When we first posted our copy of Dave Major and the Minors’ first album here on the Hymie’s blog, we heard from people all over the midwest who remembered them. They were a touring show band who played mostly pop covers and worked a circuit of hotel lounges from Minnesota to Ohio. Fan recollected residencies in places as varied as the Blue Moon Ballroom in Elgin, IL and the New Inn in Okoboji, IA. From another fan we learned the tragic story of Dave Major’s death in 2000. He was shot in a gunfight with police in Dekalb, IL after attempting to kill his ex-wife and killing two others in the process (this, of course, the same Dekalb we talked with local musician Dan Newton about just a few months ago in an interview here). Its a heartbreaking story, but its nice to know that the memories of Dave Major and the Minors still bring joy to people who saw them perform in the 70s.
Here are our original posts of the two Dave Major and the Minors albums we have found. There is a third we hope to one day share here on the blog, too:
Albums by bands like Dave Major and the Minors are fairly rare, considering that they were privately-pressed and released, but not often particularly valuable. They’re sometimes called “souvenir albums.” And with that in mind, here is a favorite souvenir album that we recently found. Get ready to put yourself in Jon David’s Mood…
This classic souvenir album doesn’t have an address anywhere. There’s no record label. The photograph on the back is credited to “Dave Schuessler Photography Chicago.” The album turned up here in a record collection somebody brought into the shop, but it could have come from Chicago or Milwaukee or any other upper midwest city.
Jon David’s Mood starts out a little funkier than the two Dave Major and the Minors records we have posted, but takes a left turn in the first track when it turns into a loveable polka standard, “In Heaven there is no Beer.” From there the album takes a number of unexpected turns, and if it weren’t for the band’s irrepressible sincerity the album wouldn’t survive the bumpy trip. Each performer on the record is credited with more than one instrument – Bob D’Innocenzo performs on eight instruments and sings – and there is no Jon David! John Farrell is listed as “leader, arranger…” Why are these guys called Jon David’s Mood? Who names a band that?!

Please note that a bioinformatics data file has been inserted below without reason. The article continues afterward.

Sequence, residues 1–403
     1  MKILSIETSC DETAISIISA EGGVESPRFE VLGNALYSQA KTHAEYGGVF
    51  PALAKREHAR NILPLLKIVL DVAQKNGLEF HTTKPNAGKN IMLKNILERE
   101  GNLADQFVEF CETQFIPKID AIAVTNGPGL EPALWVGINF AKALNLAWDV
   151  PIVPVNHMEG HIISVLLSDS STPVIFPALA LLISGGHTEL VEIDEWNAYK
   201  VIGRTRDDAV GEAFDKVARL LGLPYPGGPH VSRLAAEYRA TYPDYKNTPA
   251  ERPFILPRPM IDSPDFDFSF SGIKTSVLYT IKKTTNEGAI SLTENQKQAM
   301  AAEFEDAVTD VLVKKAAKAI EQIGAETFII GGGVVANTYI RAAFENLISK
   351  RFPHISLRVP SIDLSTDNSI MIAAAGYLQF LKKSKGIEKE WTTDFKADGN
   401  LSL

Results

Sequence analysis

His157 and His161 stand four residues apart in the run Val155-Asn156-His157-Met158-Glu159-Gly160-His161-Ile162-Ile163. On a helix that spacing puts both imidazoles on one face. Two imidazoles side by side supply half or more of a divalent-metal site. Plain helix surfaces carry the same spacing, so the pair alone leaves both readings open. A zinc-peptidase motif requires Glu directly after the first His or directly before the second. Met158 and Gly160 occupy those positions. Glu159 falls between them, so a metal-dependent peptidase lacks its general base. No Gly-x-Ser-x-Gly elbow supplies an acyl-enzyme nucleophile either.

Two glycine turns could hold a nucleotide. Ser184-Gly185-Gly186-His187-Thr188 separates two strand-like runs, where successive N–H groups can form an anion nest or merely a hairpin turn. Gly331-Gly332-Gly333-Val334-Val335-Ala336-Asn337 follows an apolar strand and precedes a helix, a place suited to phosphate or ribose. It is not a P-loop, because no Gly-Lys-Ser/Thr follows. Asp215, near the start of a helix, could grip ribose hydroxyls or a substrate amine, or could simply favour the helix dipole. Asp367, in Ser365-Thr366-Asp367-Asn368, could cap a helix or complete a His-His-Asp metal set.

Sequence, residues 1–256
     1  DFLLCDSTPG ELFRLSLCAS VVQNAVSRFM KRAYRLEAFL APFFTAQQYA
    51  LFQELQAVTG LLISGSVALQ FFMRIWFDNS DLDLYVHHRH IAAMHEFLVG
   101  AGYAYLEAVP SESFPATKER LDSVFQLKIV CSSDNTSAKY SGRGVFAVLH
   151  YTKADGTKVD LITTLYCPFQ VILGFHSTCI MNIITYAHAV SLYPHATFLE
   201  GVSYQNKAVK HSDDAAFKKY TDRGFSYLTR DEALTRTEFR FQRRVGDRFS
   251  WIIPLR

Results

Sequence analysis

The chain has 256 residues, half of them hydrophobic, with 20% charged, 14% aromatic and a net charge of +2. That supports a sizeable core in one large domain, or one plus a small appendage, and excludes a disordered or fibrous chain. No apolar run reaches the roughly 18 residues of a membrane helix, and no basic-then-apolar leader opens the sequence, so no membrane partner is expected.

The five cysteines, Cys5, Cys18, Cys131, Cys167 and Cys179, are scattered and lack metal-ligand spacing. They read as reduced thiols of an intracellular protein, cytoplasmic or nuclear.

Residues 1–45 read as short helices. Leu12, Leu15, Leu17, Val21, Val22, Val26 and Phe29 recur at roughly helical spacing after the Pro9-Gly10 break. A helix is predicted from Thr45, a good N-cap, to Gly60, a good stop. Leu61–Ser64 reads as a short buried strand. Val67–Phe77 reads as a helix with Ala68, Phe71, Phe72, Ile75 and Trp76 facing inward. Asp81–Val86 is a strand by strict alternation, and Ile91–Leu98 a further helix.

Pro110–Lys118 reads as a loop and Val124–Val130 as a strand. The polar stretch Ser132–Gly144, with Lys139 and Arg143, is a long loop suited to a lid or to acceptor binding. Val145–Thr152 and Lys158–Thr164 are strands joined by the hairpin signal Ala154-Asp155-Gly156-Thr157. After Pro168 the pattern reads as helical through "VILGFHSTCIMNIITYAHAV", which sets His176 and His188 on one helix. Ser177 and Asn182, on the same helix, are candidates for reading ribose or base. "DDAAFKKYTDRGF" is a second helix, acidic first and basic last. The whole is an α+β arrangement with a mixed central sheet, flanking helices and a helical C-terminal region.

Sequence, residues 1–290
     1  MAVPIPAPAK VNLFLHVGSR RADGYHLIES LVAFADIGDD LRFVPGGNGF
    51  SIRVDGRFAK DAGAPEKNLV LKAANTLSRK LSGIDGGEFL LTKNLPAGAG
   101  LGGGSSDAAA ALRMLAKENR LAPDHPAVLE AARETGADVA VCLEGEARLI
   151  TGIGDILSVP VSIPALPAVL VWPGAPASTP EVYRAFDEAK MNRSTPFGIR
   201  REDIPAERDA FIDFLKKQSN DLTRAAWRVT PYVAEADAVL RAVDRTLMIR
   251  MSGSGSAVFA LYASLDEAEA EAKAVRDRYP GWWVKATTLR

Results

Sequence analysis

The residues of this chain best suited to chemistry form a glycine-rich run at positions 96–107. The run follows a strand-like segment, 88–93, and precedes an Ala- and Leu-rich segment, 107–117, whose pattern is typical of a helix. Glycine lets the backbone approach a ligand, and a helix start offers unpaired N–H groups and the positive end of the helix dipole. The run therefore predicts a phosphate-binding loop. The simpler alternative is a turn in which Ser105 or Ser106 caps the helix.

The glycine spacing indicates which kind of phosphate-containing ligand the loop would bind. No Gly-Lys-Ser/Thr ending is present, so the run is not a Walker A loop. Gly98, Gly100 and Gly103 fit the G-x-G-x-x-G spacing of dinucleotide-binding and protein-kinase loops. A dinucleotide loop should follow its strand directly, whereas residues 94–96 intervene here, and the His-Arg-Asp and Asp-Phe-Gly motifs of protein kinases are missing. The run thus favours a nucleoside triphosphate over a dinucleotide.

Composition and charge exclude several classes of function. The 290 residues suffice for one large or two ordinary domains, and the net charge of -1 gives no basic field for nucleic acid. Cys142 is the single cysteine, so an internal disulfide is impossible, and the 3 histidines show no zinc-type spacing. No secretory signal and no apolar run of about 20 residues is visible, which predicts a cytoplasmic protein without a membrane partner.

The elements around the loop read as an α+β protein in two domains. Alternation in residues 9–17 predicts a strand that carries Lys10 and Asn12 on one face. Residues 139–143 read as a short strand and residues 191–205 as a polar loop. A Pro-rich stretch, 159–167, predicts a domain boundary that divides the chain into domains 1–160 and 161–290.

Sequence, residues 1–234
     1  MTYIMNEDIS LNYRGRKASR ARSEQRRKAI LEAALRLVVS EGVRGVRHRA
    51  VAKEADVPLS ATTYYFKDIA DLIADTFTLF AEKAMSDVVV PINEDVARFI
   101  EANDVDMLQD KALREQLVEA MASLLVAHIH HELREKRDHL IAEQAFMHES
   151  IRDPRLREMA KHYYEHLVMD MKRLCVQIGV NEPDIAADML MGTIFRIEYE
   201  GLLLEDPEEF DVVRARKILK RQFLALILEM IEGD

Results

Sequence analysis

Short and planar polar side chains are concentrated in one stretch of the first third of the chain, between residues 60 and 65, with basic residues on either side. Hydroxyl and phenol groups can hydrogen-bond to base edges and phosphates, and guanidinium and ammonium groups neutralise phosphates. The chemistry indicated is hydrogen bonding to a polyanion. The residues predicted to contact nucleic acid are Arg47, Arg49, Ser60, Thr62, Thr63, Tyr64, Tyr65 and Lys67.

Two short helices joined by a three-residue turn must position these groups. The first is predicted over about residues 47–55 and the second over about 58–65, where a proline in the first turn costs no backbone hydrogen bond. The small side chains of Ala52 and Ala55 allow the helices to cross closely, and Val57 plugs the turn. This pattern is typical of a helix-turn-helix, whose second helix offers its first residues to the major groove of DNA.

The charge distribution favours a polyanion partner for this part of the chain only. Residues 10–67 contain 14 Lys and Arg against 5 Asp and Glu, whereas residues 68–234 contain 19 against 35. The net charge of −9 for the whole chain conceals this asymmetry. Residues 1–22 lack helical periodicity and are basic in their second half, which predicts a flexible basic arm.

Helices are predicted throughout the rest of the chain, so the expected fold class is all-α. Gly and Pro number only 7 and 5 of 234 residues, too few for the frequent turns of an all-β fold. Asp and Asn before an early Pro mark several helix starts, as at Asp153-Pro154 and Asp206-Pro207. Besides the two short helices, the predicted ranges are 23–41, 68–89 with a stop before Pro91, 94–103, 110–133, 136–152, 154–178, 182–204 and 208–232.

“Foot Stompin’ Music / In Heaven there is no Beer”
“The Lonely Bull”
The album features a more adult-contemporary set list than the Dave Major and the Minors albums, which tended towards jazz and rhythm and blues. Jon David’s Mood includes a fun arrangement of “The Lonely Bull” (which recalls the Ventures version on Telstar) alongside a theatrical arrangement of “Mr. Bojangles.” At the end of the first side they perform “If I Were a Rich Man” in a way that walks the line between lampoon and genuine appreciation, and then a hilariously sincere version of the theme from Shaft. These two tracks contain a few moments of brilliance, and several of brilliant awkwardness.
“If I Were a Rich Man”
I grew up loving albums like Jon David’s Mood simply because they introduced me to standards like “If I Were a Rich Man” and “Shaft.” Growing up near a suburban Goodwill store I spent a lot of time and a fairly small amount of money on albums like this, never once considering the fact that they may have been rare and valuable (as a kid I owned and gave away more than one copy of the Lewis Connection because it was, for a time, a fairly common local thrift store find). Are they great records? I guess not. But are they a lot of fun to listen to? I guess that’s subjective. I think so.